Billed as a comedy, “Late Night” is more ironic than funny. Setting out to make the case for TV needing more women and more diversity in its writers and late night performers, the movie, nevertheless, features a female late-night talk show host, who has earned several Emmys during her 28-year run yet is now about to be cancelled.
Katherine Newbury (Emma Thompson) is riding on the laurels of her long-running show and has gradually become stuffy and rigid, losing her appeal to younger audiences. Katherine eschews social media and has insulted a young female guest who has gone viral with her u-tube performance. The new network president, Caroline Morton (Amy Ryan), tells her that her guests are too intellectual and that her writers are no longer funny or relevant. She also needs more diversity both on-screen and off.
We meet her writers, a roomful of young-to-middle-aged men, many of whom have never met Katherine. The show’s beleaguered producer, Brad (Denis O’Hare), is trying to hire at least one female writer and, under pressure from a worried Katherine, hires an inexperienced but racially diverse Molly Patel (Mindy Kaling). Most young writers have come from stand-up comedy stints, but Molly’s prior job was doing quality control at a chemical plant, where she entertained the workers on the floor with ongoing comedic remarks over the plant’s loudspeaker.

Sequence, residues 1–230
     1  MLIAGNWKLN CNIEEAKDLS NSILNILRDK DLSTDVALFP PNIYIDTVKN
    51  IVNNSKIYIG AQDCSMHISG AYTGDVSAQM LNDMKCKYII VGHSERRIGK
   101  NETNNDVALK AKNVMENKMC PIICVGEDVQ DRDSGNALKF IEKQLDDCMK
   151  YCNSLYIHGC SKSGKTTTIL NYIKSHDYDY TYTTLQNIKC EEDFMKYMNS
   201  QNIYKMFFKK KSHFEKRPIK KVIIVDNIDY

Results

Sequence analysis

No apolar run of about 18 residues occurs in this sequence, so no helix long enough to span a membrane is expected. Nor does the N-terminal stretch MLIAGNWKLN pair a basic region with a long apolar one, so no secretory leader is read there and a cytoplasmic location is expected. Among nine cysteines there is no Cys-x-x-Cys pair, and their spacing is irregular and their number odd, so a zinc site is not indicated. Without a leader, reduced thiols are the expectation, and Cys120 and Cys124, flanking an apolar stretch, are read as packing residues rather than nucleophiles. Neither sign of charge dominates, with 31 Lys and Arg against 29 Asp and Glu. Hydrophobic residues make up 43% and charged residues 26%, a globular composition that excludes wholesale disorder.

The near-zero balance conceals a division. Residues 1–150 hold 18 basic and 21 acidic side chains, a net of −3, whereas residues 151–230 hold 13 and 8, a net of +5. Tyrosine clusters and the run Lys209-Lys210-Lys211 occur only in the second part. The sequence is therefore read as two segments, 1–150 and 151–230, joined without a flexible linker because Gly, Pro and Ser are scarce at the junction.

Under threat of losing her job, Katherine begins visiting her writers’ work room, but instead of calling them by their names, she assigns them numbers based on their seated positions. She does not even take kindly to the newly hired Molly, nor do the writers. A hierarchy has evolved among the writers, as Tom (Reid Scott) keeps reminding everyone that he is the talent who writes Katherine’s daily monologues. The only writer kind to Molly is Charlie (Hugh Dancy), but his intentions are more predatory than professional.
Because she is on a 13-week contract, Molly works hard to prove her value as a comedy writer, but Katherine is slow to use any of the material she writes. She still seems stuck in her rather arrogant, upper-crust mannerisms, but afraid of losing her job, Katherine finally seeks advice from a professional, who encourages her to get to know her writers by name and to invite them to her home on social occasions. One of her writers had died three years previously, and she had not even been aware of his absence.
The focus of Katherine’s life has always been her professional career. Her family consists of a loving husband (an excellent John Lithgow), but he is several years older than Katherine and has been diagnosed with a debilitating disease. An incident occurs that threatens their marriage and Katherine is reeling under the possibility of losing his loyalty and affection and losing her job.
A quote from a Yeats’ poem—“Tread softly because you tread on my dreams”—is spoken by Molly, yet the sentiment applies to both women. Gradually, Katherine allows Molly some space in her life and the two women bond from a sincere affection for television and its continuing relevance in the twenty-first century.
The screenplay for “Late Night” reflects some of the aspirations expressed in the movie itself. With some television experience in her career, Kaling wrote the screenplay with Emma Thompson in mind as Katherine and herself as Molly. She is generous enough to give Katherine all of the best lines, knowing how superb Thompson is at delivering clipped and cutting lines that would reflect the hauteur of her character.
“Late Night’ was directed by Nisha Ganatra, who keeps the pace of the film lively and the characters believable. However, what the film lacks is humor. Billed as a comedy, “Late Night” has heart but few lines that invite laughter.